Meant to be the musical blockbuster follow-up to Mike Todd’s Around the World in Eighty Days, with every star who didn’t appear in that one, and even one or two who did, clamoring to be a sucker for Cantinflas’s brand of corny sap, a combo of Harry Langdon, Charlie Chaplin, and Buster Keaton. Had Pepe remained the picturesque Mexico travelogue that it promised to be—though Acapulco looks oddly denuded and almost primal—maybe it wouldn’t have been this unendurable, maybe it would have survived as a “Was it/Were we really like that back then?” time capsule. (Yes, it was; no, we weren’t.) With major support by Edward G. Robinson, Dan Dailey and Shirley Jones in a terrible performance and stuck singing the nauseating title song, the following are guests in alphabetical order: Joey Bishop, Billy Burke, Michael Callan, Maurice Chevalier (singing “Mimi” and “September Song”), Charles Coburn, Richard Conte, Bing Crosby (singing “Pennies from Heaven”), Tony Curtis, Bobby Darin (singing “That's How It All Went Right”), Ann B. Davis, Sammy Davis, Jr. (singing “Horray for Hollywood”), William Demarest, Jimmy Durante, Zsa Zsa Gabor, Greer Garson, Judy Garland (singing the Oscar-nominated “Faraway Part of Town” off-screen), Hedda Hopper, Ernie Kovacs, Peter Lawford, Janet Leigh (who won a Laurel Award as top female comedy performer for this?!), Jack Lemmon, Dean Martin, Jay North, Kim Novak, André Previn, Donna Reed, Debbie Reynolds, Cesar Romero, Frank Sinatra and others I’m unable to recall at the moment and too lazy to hunt down. Conceived as a roadshow at 195 minutes in length, Pepe was cut after disastrous reviews to 157 minutes for continuous showings at advanced prices and made a little money. No one’s clamoring for the roughly forty minutes to be restored; when TCM airs the letterboxed 157 minute edit, most of us are probably wondering why more wasn’t cut. (Callan’s tribute to Westside Story remains and ain’t too bad, until Cantinflas fucks it up.) A few theatres pushed programs, most did not. Other Oscar noms: color cinematography (Joe MacDonald), art direction, costume (Edith Head), sound, film editing, scoring of a musical picture (Johnny Green). Selected as one of Harvard Lampoon’s Ten Worst for 1960. Spanish language cable shows it full screen and faded. No American DVD; Mexican Pal 2 available. Directed by George Sidney. CinemaScope, using an improved lens by Panavision.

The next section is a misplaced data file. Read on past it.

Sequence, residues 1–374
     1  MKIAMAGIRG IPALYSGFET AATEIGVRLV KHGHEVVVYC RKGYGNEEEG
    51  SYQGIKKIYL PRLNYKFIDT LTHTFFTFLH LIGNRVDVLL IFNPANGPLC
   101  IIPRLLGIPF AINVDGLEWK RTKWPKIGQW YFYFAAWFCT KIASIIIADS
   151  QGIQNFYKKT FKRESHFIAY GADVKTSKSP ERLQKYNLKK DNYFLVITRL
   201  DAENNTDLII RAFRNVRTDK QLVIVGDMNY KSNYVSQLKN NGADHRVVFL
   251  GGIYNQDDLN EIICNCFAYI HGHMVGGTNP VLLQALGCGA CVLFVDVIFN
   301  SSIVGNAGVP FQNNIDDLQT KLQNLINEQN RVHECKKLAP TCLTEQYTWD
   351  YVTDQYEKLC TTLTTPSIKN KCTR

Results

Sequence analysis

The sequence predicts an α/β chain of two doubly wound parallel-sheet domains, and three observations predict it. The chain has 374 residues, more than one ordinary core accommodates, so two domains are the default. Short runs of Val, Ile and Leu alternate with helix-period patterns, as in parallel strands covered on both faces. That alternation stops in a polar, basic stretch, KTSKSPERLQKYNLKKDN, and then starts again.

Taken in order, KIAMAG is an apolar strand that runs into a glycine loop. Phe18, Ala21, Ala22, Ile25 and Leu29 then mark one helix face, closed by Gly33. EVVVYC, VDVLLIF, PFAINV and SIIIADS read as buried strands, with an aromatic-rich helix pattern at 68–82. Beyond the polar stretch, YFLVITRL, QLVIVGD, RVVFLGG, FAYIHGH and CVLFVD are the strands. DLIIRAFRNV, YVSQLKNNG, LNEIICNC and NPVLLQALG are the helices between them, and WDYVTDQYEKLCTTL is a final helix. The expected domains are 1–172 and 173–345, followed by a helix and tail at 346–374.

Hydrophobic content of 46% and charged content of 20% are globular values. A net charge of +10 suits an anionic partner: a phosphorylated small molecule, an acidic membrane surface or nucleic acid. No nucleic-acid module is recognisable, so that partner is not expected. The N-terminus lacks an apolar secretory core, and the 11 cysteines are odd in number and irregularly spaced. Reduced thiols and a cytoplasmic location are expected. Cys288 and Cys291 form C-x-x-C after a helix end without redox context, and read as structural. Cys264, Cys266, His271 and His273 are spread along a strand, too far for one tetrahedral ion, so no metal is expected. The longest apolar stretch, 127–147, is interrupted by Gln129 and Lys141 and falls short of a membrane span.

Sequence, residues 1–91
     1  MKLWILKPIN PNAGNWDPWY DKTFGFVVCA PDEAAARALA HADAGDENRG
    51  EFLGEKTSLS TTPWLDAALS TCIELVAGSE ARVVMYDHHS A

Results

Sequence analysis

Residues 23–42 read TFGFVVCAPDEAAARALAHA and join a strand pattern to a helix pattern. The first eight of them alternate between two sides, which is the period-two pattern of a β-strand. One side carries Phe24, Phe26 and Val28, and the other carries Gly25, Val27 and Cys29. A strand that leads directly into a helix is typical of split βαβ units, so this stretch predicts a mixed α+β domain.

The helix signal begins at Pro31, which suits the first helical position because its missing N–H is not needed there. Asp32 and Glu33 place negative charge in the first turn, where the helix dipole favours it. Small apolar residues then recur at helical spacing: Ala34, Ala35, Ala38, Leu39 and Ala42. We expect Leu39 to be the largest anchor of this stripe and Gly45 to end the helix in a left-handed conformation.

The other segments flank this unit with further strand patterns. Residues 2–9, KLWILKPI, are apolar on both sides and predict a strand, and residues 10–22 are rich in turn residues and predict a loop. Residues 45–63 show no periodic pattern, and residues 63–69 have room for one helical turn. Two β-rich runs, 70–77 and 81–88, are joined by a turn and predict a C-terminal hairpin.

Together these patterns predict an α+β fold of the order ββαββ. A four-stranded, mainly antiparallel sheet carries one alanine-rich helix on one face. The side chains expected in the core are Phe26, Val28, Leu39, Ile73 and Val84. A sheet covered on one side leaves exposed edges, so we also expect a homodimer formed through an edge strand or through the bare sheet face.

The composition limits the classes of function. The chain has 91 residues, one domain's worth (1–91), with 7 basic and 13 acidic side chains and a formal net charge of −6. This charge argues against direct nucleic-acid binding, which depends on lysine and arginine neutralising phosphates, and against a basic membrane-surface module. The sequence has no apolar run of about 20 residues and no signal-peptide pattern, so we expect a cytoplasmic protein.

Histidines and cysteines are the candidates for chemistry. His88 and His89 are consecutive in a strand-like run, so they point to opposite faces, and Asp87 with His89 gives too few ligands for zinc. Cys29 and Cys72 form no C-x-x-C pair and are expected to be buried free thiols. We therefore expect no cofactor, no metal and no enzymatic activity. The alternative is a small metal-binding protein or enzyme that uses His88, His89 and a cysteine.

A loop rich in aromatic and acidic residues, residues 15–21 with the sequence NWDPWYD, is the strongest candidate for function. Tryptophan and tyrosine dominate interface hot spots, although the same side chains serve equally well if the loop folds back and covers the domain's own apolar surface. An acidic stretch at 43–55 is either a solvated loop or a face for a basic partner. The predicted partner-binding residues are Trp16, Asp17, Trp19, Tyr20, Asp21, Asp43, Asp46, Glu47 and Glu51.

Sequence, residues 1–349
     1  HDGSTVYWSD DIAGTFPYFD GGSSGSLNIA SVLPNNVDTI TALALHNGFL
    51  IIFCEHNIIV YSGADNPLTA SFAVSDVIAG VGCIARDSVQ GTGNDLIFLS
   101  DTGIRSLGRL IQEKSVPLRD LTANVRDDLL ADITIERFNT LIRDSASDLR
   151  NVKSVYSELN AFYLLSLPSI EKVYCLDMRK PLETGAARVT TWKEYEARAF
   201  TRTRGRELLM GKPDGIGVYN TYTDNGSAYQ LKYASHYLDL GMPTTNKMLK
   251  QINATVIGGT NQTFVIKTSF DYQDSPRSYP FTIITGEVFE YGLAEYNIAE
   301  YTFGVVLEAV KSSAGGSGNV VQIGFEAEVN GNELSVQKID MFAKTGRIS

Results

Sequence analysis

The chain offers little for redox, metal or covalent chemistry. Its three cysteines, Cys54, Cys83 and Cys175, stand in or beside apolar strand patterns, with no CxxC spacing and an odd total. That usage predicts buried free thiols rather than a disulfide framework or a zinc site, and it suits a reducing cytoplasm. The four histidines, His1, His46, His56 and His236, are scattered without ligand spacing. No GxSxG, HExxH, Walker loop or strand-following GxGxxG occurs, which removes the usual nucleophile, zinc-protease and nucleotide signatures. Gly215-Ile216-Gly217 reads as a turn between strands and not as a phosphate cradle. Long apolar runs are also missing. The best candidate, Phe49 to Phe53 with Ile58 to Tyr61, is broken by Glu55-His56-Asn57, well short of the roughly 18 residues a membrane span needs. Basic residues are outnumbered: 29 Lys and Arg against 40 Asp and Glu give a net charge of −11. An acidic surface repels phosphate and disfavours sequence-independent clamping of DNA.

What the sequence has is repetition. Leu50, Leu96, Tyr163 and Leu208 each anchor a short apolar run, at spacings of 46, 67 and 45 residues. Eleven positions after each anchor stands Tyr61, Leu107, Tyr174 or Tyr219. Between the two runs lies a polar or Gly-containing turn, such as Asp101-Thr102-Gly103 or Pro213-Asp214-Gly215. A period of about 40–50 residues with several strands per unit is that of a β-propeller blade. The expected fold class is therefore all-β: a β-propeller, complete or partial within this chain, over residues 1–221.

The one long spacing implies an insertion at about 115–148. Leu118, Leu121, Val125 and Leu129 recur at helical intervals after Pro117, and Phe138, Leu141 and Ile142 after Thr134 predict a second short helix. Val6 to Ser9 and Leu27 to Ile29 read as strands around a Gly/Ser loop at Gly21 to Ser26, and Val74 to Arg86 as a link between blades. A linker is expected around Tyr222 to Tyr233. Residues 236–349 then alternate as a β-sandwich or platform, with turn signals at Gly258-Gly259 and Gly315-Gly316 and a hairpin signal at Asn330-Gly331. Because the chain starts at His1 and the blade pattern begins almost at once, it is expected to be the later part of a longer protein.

Text COPYRIGHT © 2002 RALPH BENNER All Rights Reserved.